Dinos And Dragons


peyton_icon.gif jim_icon.gif emily_icon.gif

Scene Title Dinos and Dragons
Synopsis A muggy afternoon makes for a great trip to an air-conditioned bookstore
Date August 26, 2018

Prufrock's Books

This tiny bookstore makes up for quaintness and style what it lacks in size and volume. Brightly-painted red doors are an inviting welcome to the little shop. Within, wall-to-wall and floor-to-ceiling shelves take up three of the four walls, but for the front. There, the cash wrap doubles as a coffee stand, and the cashiers as baristas.

In front of the counter is a small space for a few customers to sit and drink their coffee comfortably. It's set a little like a living room, with a sofa, a coffee table, and armchairs clustered around it, all shades of red, bronze, and violet. On the coffee table sit a few board games, inviting those who wish to stay and linger to do so.

It's a muggy and cloudy Sunday, warm enough that the threat of rain is one that is almost a welcome one, to make a break in the humid, balmy afternoon. Indoors, at least, there's a relief from the over-warm air thanks to fans and drawn curtains and shades. Prufrock's Books is quiet; the morning coffee rush long gone, there are only a few customers in the little bookstore and cafe — shopping for books, buying a snack or coffee (supplies still limited, thanks to food shortages, of course), or simply sitting and reading a new purchase or a potential purchase — or taking advantage of the store's relaxed policy on loitering.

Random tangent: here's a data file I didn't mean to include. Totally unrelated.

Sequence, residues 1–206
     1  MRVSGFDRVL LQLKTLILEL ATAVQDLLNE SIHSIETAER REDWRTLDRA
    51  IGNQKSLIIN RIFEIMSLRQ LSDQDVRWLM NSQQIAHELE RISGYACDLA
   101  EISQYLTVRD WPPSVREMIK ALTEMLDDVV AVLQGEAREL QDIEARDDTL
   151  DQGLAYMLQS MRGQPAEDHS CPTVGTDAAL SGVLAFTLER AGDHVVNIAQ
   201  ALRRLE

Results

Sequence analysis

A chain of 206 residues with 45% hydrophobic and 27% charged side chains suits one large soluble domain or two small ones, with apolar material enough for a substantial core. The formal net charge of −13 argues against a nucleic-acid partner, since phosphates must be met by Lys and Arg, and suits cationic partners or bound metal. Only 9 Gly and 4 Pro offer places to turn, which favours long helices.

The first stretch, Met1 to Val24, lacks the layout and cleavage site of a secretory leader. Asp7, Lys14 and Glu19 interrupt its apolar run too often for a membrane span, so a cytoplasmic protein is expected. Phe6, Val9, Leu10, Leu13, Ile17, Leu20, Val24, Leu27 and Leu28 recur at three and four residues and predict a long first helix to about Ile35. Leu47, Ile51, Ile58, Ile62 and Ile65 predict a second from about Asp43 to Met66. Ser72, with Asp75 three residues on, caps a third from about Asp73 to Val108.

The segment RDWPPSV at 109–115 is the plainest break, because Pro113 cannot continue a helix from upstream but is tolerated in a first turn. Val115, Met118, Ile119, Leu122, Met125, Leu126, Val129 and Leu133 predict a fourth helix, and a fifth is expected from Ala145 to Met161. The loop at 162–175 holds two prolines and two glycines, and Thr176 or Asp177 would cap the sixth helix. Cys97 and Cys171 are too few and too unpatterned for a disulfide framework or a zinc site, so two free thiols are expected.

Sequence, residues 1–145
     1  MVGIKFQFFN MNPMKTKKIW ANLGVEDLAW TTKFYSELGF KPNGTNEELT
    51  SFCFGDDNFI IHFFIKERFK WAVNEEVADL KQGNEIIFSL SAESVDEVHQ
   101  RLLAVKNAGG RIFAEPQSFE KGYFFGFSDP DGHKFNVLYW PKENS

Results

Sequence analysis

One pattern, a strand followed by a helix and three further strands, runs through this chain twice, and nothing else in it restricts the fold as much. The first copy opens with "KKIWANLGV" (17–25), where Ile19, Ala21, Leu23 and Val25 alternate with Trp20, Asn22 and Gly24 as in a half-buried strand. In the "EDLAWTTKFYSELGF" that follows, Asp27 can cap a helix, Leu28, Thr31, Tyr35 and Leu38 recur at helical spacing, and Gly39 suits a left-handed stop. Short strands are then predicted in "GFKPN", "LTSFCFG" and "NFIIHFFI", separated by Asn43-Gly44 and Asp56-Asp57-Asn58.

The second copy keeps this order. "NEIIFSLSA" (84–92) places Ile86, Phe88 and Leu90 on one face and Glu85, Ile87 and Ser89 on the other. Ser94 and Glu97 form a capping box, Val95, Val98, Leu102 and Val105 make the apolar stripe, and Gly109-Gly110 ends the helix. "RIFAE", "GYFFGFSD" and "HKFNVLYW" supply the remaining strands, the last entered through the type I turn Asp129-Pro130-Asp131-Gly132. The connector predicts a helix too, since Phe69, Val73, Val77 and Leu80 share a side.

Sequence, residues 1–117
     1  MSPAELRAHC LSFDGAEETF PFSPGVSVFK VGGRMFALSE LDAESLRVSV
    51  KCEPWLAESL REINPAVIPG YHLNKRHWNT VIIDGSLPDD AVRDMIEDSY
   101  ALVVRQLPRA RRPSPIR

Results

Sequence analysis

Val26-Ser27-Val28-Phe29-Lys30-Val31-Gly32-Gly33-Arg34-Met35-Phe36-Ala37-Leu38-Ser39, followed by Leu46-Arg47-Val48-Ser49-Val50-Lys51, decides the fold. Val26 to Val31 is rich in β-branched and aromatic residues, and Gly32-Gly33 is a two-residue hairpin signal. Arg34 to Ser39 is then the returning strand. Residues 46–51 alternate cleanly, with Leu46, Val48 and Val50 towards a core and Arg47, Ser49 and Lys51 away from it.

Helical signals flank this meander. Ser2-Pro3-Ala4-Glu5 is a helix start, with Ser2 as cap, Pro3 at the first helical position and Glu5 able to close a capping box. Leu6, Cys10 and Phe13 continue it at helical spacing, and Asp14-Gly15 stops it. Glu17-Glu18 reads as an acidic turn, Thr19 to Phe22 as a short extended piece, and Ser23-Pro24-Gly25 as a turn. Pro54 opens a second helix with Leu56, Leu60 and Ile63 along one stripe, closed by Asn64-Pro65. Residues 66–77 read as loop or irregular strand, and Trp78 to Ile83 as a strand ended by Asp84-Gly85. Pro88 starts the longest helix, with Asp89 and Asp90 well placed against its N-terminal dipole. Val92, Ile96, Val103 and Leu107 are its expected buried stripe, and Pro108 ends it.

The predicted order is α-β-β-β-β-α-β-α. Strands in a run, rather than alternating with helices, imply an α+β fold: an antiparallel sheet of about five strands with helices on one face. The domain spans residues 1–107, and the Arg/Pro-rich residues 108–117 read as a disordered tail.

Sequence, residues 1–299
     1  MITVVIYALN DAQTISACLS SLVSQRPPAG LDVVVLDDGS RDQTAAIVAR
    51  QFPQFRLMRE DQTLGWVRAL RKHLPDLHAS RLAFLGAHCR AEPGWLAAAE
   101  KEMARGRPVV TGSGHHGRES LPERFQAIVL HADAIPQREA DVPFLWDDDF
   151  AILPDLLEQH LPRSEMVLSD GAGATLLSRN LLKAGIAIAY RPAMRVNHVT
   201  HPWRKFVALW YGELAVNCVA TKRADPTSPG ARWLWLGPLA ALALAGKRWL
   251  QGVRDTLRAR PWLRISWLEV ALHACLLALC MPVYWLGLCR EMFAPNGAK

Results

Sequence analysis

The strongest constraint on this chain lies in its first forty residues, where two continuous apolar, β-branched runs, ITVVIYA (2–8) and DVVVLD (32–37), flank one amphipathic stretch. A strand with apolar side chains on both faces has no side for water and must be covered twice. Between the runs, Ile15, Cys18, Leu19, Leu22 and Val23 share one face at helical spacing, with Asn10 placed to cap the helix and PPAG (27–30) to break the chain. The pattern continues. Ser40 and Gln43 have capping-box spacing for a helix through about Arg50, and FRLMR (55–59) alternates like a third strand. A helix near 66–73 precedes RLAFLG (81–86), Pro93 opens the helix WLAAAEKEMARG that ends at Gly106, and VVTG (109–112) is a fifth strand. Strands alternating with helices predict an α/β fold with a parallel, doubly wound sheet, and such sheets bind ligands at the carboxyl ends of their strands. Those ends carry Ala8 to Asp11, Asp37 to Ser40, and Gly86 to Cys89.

Through the door, Peyton Whitney steps, dressed somehow immaculately in an unwrinkled white linen sheath dress, holding hands with a little boy with a mop of dark curls hair and his mother's brown eyes. "Pick two books for yourself and three for the school library," she says, letting go of his hand now that they're safely indoors. She peers down the aisle to the kids section, to make sure it's safe as Jonah heads that way.